|What has 4 arms, 3 eyes 3 bat-like ears, and a purple tongue?|
I don't know. What?
I don't know either, but it's eating your henchman!
Thursday, December 22, 2022
Monday, December 19, 2022
I used to play boardgames once a week with my brother-in-law Jim and a couple of dudes named Bruce and Al. Bruce and Al are a couple of real old school mofos. As I recall, they were founding members of the University of Illinois wargames club and the original organizers of the local con. And Al bought a copy of OD&D at Gen Con the year it came out and turned the campus nerdos onto RPGs. In a side room in Bruce's basement is monster wargame that recreates the European theatre of WW2 at the battalion level. The two of them started playing this beast more than 20 years ago as a playtest. I'm pretty sure the publisher went out of business many years ago with the game unpublished, but last I knew they still play a turn or two some weekends.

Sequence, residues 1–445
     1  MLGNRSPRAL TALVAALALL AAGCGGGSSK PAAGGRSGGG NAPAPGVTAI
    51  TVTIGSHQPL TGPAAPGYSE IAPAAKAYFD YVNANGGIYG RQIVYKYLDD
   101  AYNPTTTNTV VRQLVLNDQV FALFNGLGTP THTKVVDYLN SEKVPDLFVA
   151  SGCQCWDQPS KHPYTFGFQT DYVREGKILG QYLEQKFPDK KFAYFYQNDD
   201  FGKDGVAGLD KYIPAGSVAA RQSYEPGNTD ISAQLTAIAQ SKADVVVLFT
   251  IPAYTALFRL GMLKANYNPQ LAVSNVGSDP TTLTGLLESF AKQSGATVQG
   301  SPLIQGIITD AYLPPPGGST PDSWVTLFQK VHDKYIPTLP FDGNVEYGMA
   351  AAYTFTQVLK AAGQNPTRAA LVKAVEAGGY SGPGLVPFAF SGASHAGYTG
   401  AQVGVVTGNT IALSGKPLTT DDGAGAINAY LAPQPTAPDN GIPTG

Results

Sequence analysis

So even as a grown-ass man with a job and a wife and a kid, I was still the snot-nosed newbie among these guys. For months one of the things that mystified me about these guys was the fact that, whatever game we were playing, these guys always referred to the equivalent of the Encounter Player as "the bunny." This practice mystified me, but I never asked because I was usually too busy trying to get the gist of whatever weird boardgame we were playing that night. Often, everybody else at the table had played it a bunch and it was new only to me, so I was always playing catch-up. Still, I would dutifully pass "the bunny" to the next player when instructed to do so. Finally, one night we played some train game (Santa Fe something?) and it all came into focus. The special token in whatever-game-it-was happened to be a little wooden steam engine token that, when stood up with the front of the train pointing to the sky, looked a helluva lot like a little black rabbit.